You have a rare illness that seems to have a genetic cause. For years you have moved from geneticist to geneticist looking for the cause of your illness, hoping that by finding the precise genetic cause you will discover ways to alleviate your symptoms. You have had five or six genetic tests, but each one has turned up normal. Finally you visit a young geneticist fresh out of training, hoping that she will know of another test to try. She recommends the most comprehensive genetic test of all: whole genome sequencing (WGS). You are ready to immediately get this test when she poses a difficult question: WGS might reveal a cause for your illness, but it might also reveal that you are at risk for developing breast cancer, or schizophrenia, or Alzheimer’s disease. Which of these “incidental” findings do you also want to receive?
Until recently, this genomic “would you want to know” question has lived exclusively in the world of science fiction. Would you want to know what secrets your genome holds about your future? For example, would you want to know how you will die? If you knew what the future is likely to hold, would you feel fatalistic or empowered to take control of it? These questions have been the topic of compelling movies like GATTACA and classic novels like Aldous Huxley’s Brave New World.
Now that technologies like whole genome sequencing (WGS) and whole exome sequencing (WGS) are being used widely in clinical care and translational research, patients and research participants are increasingly being asked to specify which genetic results they would like to receive. Gaining knowledge about our genetic future is becoming science fact.
In most clinical contexts, WGS and WES are selected for their ability to answer a specific clinical question. In this context, it almost goes without saying that any genetic finding related to that clinical question – the primary result – will be reported to the patient. Since WGS and WES generate raw data across the genome, however, it is inevitable that providers and patients will need to decide how they will handle the other findings – the secondary results or additional results – that could also be produced using that raw data.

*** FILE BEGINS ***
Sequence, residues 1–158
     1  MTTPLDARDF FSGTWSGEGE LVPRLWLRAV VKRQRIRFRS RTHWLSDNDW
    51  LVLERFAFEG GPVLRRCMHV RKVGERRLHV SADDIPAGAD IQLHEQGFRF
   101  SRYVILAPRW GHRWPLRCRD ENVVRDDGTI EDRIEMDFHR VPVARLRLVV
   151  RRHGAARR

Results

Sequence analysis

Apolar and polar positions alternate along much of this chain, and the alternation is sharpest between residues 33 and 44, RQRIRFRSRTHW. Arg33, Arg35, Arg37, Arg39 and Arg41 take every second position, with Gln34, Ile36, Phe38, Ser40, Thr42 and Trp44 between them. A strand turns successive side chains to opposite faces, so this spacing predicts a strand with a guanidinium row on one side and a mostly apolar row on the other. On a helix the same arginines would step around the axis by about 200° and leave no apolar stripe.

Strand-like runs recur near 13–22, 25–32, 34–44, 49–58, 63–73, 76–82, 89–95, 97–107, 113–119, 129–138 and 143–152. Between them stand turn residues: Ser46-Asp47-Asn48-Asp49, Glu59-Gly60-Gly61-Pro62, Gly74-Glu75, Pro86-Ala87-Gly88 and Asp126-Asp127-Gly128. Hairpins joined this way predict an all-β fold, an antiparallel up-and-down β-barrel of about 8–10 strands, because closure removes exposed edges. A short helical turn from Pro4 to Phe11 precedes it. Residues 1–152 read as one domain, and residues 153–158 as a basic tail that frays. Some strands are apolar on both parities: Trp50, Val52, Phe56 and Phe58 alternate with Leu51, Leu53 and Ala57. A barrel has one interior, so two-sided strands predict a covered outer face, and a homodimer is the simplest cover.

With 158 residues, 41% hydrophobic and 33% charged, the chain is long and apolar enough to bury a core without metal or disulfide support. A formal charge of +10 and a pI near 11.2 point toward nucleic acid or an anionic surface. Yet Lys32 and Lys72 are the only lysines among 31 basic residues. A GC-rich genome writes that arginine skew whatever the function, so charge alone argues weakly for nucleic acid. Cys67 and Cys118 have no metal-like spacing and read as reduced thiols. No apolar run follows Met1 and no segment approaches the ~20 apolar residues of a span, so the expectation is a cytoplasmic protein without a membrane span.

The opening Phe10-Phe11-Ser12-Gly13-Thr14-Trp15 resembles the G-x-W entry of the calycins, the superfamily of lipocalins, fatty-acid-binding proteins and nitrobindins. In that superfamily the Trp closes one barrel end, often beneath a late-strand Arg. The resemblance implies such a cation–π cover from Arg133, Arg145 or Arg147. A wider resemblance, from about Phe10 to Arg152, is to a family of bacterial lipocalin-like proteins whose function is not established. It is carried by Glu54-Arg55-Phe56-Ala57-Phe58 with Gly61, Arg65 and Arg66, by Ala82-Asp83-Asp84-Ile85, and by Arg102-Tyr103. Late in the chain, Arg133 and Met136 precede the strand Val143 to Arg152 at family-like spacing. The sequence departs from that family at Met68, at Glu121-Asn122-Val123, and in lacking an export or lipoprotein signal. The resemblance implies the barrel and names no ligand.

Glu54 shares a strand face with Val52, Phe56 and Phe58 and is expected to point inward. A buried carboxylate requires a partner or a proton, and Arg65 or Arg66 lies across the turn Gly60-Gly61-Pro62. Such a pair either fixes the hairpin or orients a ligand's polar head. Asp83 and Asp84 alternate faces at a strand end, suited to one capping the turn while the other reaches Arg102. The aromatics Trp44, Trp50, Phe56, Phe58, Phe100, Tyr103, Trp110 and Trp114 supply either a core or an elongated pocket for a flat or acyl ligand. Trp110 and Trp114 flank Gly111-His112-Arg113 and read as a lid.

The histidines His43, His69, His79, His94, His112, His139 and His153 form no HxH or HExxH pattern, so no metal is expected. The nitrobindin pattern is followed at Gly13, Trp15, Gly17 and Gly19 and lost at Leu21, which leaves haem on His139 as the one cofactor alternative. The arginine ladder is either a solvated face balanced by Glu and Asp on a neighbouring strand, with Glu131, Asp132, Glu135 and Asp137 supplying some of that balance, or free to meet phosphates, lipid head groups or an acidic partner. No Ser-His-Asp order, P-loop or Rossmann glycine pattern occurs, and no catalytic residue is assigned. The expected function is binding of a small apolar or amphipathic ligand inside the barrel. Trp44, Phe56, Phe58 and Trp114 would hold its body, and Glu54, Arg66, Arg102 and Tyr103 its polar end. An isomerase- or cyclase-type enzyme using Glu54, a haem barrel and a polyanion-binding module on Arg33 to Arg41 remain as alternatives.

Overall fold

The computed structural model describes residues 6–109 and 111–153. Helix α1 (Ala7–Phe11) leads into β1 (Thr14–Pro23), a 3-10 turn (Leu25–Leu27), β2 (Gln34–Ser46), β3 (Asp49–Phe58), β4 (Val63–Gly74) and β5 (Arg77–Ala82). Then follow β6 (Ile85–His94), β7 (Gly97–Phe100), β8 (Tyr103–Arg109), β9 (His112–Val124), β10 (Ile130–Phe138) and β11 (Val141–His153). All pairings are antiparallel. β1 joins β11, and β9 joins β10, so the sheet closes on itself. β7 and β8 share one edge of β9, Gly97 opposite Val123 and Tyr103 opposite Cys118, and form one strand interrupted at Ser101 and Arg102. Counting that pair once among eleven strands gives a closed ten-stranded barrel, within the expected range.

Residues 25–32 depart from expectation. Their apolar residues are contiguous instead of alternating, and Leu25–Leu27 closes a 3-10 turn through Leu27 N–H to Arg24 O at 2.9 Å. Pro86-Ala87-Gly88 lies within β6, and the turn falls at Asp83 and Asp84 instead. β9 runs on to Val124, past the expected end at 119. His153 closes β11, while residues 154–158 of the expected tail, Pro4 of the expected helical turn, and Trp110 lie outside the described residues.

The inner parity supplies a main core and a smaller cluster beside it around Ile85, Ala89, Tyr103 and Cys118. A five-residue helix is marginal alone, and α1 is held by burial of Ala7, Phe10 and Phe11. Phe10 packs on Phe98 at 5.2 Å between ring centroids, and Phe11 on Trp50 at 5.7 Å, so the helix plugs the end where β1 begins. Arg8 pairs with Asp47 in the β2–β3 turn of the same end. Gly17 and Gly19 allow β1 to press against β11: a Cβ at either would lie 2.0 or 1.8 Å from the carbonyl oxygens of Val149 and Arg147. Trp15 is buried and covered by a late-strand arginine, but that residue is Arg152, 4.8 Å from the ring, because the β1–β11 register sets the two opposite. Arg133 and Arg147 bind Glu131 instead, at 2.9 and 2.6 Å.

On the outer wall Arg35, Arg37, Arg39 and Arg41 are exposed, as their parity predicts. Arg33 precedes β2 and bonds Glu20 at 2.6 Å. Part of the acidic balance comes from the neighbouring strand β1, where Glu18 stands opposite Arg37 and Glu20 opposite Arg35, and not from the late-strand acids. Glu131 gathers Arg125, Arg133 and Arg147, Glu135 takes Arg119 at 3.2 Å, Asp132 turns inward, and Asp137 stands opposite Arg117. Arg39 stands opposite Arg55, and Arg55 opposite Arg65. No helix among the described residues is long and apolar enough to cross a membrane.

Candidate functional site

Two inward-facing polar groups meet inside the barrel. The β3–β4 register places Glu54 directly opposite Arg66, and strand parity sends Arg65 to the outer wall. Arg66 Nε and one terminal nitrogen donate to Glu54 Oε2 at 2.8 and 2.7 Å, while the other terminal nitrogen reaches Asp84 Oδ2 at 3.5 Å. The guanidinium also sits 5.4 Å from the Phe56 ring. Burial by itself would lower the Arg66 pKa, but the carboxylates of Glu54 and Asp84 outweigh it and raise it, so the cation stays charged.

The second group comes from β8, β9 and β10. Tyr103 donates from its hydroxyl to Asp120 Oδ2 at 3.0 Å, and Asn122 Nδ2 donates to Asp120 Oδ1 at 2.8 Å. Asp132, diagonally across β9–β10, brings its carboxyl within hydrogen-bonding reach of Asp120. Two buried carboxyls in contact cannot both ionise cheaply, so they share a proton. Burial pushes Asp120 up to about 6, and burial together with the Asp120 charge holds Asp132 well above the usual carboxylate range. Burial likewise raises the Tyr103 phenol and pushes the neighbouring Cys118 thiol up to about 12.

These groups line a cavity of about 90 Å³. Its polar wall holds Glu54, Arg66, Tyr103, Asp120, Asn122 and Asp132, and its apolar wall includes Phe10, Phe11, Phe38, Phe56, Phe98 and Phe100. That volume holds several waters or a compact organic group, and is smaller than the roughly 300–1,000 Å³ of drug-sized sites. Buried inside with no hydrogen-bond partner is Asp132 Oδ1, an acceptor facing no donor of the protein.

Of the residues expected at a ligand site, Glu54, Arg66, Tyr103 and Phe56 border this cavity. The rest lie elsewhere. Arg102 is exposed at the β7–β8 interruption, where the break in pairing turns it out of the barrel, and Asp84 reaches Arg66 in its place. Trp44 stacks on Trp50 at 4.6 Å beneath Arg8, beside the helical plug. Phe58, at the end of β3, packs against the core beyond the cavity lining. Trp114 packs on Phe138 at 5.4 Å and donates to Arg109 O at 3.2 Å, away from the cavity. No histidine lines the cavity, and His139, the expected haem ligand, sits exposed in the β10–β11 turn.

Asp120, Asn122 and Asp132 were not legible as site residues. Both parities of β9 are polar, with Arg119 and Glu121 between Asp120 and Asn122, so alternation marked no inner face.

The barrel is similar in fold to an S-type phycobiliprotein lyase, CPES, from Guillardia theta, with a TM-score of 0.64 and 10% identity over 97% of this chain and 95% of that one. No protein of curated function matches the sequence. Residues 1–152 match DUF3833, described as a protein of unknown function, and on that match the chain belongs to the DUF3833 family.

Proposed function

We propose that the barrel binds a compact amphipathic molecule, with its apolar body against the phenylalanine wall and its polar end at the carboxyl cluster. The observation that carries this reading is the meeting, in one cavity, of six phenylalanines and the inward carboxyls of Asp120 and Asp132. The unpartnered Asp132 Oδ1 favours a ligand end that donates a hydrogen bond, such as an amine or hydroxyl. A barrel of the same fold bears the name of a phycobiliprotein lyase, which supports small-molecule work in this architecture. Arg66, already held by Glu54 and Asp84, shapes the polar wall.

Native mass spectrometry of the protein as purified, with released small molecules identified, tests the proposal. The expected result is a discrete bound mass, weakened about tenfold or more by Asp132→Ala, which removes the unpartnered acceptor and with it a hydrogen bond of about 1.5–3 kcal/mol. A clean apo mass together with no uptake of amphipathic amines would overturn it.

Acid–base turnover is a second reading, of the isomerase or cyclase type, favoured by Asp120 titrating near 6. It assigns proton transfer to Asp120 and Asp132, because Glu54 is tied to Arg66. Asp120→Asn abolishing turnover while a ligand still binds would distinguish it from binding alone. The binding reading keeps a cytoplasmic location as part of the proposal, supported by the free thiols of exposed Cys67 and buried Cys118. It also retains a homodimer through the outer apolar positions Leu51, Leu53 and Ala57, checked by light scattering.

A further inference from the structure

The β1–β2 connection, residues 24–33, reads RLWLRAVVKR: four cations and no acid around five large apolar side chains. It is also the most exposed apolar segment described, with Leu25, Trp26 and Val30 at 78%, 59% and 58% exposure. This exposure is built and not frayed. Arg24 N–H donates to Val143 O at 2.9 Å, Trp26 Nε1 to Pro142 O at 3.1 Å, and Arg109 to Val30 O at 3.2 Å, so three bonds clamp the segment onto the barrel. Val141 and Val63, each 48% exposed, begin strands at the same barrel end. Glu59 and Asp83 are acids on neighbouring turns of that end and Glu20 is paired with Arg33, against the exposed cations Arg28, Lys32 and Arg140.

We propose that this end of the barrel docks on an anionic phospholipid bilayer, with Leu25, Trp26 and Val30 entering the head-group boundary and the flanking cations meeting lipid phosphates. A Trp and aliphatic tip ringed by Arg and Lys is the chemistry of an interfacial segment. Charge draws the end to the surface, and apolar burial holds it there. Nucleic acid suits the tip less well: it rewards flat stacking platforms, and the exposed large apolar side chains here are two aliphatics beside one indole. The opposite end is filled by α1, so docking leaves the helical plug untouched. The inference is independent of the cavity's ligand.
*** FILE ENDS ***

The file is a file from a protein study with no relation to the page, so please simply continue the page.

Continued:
When sequencing is being done exclusively for a research purpose, there may be no primary result. But investigators and participants are still faced with the question of how to handle the genetic findings that could be produced and returned to participants. These results are often referred to as incidental findings, although the generation of these results is often integral, and not merely incidental, to the research being performed.
It turns out, however, that it can be rather difficult to find out from patients or research participants which genetic results they would like to receive and which they would like to like to leave unknown. The human genome contains more than 20,000 genes, and there are thousands of diseases known to medicine. Should clinicians and researchers ask about all of these possibilities?
What is needed, we believe, is a method for eliciting the preferences of patients and research participants about the genetic findings they would like to have shared with them. In a recent study published in Genetics in Medicine, we report on the research we undertook to develop such a method. This instrument, which we call the Preferences Instrument for Genomic Secondary Results (PIGSR), was designed to allow patients to record their preferences about which secondary or incidental findings they would like to receive. In order to ensure that our instrument could be used effectively in busy clinical and research settings, we designed it to be brief and straight-forward enough that patients or research participants could complete it without assistance from a healthcare professional.
Hoping that PIGSR will be adapted for use in a wide variety of contexts, we have even made it available online under a Creative Commons License. This license allows academic and commercial institutions to use and adapt PIGSR at no cost, as long as they acknowledge its source in their own work. While science fiction often imagines our genetic future as a dystopia, we hope PIGSR can play a part, if only a small one, in ensuring that genomics-based medicine of the future will respect the right of patients and research participants to choose for themselves whether they prefer empowered knowledge or blissful ignorance.